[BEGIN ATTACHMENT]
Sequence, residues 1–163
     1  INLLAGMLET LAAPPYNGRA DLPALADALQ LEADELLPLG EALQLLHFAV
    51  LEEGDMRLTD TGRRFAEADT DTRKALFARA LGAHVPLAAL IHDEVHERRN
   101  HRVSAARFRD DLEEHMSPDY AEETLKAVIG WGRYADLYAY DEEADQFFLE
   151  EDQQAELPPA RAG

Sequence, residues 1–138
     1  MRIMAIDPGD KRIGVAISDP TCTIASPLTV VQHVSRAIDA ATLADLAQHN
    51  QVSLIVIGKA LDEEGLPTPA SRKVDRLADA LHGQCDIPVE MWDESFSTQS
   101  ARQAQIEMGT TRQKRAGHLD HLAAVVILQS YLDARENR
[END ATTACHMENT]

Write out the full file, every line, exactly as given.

Sequence, residues 1–163
     1  INLLAGMLET LAAPPYNGRA DLPALADALQ LEADELLPLG EALQLLHFAV
    51  LEEGDMRLTD TGRRFAEADT DTRKALFARA LGAHVPLAAL IHDEVHERRN
   101  HRVSAARFRD DLEEHMSPDY AEETLKAVIG WGRYADLYAY DEEADQFFLE
   151  EDQQAELPPA RAG

Sequence, residues 1–138
     1  MRIMAIDPGD KRIGVAISDP TCTIASPLTV VQHVSRAIDA ATLADLAQHN
    51  QVSLIVIGKA LDEEGLPTPA SRKVDRLADA LHGQCDIPVE MWDESFSTQS
   101  ARQAQIEMGT TRQKRAGHLD HLAAVVILQS YLDARENR